Wisconsin SWAT Team Attacks 65-Year-old Man with Parkinson’s Disease
A 65-year-old Wisconsin man with Parkinson’s Disease dialed 911 for a medical emergency Friday, only for a SWAT team to arrive at his home and slam him to the ground, hospitalizing him for days.
Thomas Smith’s family is outraged, saying their relative is unable to physically speak, so he had to resort to pushing buttons on the telephone to communicate with the dispatcher.
And somehow, the dispatcher understood he was being held hostage by a man with guns and explosives, which is why Oneida County sheriff’s officials say they were only trying to keep the neighborhood safe.
Plus, they added, he was not following directions, so he had to be “de-centralized,” which apparently is the police version of “re-accommodated,” the term used by United Airlines to describe how they have passengers yanked from their seats and dragged down the aisle to make room for airline employees.
But Smith’s family is not buying it.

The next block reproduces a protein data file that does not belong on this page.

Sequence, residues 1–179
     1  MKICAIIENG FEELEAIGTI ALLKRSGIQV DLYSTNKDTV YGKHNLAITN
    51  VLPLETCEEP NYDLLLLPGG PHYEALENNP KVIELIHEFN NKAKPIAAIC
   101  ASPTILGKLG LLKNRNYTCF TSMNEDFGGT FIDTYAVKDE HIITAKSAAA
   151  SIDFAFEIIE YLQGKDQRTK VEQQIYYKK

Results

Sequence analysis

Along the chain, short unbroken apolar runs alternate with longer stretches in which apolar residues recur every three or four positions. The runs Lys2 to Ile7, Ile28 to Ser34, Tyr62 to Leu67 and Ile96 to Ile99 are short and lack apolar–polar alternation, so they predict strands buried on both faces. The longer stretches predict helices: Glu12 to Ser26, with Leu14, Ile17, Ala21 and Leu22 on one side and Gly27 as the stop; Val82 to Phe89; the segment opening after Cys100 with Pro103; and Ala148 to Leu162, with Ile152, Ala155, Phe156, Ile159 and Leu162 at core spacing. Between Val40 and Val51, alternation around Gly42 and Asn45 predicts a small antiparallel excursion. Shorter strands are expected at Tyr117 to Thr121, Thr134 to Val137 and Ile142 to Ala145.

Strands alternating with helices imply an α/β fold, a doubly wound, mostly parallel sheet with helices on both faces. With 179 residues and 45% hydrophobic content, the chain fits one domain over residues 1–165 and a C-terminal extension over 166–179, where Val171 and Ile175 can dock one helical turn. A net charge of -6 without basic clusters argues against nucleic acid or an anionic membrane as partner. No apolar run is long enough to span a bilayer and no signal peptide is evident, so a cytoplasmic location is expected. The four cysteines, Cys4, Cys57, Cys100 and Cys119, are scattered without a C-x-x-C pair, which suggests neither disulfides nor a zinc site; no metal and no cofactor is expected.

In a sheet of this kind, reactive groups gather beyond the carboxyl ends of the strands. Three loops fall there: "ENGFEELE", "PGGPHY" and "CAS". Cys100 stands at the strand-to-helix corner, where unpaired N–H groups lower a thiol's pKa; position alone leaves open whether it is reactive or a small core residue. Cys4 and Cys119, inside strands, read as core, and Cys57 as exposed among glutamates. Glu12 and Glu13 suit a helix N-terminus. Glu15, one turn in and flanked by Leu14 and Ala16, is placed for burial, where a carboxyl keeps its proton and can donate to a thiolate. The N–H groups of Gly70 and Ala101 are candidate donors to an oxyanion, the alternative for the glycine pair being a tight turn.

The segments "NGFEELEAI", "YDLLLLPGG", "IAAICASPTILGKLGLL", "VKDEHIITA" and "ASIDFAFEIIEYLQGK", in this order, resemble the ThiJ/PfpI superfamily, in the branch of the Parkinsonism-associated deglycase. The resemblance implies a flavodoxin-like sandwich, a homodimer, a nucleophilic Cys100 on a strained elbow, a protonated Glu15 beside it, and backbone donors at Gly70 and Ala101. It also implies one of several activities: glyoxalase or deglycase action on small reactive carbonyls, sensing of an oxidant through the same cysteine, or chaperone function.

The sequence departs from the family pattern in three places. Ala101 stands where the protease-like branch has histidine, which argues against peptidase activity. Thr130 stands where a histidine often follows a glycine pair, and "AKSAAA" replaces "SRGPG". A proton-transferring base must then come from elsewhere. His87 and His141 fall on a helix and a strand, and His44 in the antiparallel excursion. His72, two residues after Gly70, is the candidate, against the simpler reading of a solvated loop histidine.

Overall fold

According to News Watch 12:
“When a person cannot communicate, and he’s short of breath, you’re going to press every button on the phone to get help,” said Alan.The dispatch call ended abruptly. So when Smith exited his home, the Oneida County Special Response team detained him.The family says Smith was treated roughly.“He did say he was forced down, he was slammed to the ground,” said Alan.Hook says Smith was not following directions, so Smith was then “decentralized.”“We acted on the information that we had,” Hook said. “We couldn’t have acted any other way.”“We needed to keep the community safe as well as our officers safe, and we just did the best we could with the information that we had,” said Hook.
Smith is currently in the hospital receiving the medical care he needed in addition to the care he needed after he was body slammed.
Captain Hook suggests citizens with medical issues make prior arrangements with the sheriff’s office to inform them of their condition in order to prevent deputies from confusing them with armed kidnappers, according to WSAU.
Call the sheriff’s office at (715) 361-5100 or comment on their Facebook page.